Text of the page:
Ah, a bumper. (I think it might be part of a series of little theological snacks called Signs for Our Times?)
In any case, while a man identified as Bert Ghezzi, (I think that was the name, my eagle eyesight at that distance takes more time to kick in than it used to when I'd been at a page or computer screen for awhile,) spoke, this caption appeared:
Making the sign of the cross is a victory over self-indulgence.
To quote Sr Pauline, how great is that?
Firstly, gratitude: thank you, Mr Ghezzi, I am going to try to incorporate that thinking, and the gesture itself into my battle with my baser nature.
And secondly, astonishment and annoyance, (whoops, bless yourself, right now, Scelata!): I am sure this is not universal, but speaking from my experience, why has catechetics virtually abandoned teaching gestures, the gestures of Catholic ritual, the gestures of Catholic identity?
Why aren't children taught to bow their heads in reverence at the Holy Name?
Why did it take initiative on my part, (and the actual work and irresistible will of our remarkable liturgist,) to get people bowing during the creed?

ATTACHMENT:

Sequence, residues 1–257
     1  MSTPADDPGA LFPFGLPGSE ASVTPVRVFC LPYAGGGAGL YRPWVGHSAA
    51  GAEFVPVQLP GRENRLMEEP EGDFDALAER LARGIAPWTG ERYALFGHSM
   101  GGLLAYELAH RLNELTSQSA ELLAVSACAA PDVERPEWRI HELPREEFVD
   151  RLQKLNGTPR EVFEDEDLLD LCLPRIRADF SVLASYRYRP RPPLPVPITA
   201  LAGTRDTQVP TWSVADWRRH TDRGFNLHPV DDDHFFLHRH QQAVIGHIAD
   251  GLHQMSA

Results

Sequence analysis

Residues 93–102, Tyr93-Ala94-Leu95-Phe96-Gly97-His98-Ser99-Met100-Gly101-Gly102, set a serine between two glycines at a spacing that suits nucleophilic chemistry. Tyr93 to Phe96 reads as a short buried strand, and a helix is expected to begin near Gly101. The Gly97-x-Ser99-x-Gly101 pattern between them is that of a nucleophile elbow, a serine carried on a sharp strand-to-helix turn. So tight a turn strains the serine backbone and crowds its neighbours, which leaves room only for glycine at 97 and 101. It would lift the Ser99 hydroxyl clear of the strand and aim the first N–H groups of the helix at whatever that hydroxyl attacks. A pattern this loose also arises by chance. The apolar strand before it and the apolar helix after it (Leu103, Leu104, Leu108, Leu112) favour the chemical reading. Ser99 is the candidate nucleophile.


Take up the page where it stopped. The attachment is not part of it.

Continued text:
Why aren't those with younger knees taught to bend them as they pass Christ in the tabernacle?
Why do our servers stand and scratch, or sit and gaze around during the consecration rather than kneel for the EP?
Why does no one seem to know that he is to strike his breast during the confiteor?
Why does our diocese instruct deacons to stand, and merely bow at the elevation rather than kneel through the EP?
Why have their liturgical studies on the way to ordination not informed so many priests that one bows ones head not only at the Holy Name of Jesus, but at the naming of the Three Persons of the Trinity, the naming of the Holy Mother of God, the naming of the saint whose feast it is?
Seriously, isn't all that more important than, AND JUST AS EASY AS, teaching 1st graders itsy-bitsy spider routines for the Lord's Prayer, and for the Advent entrance ditty?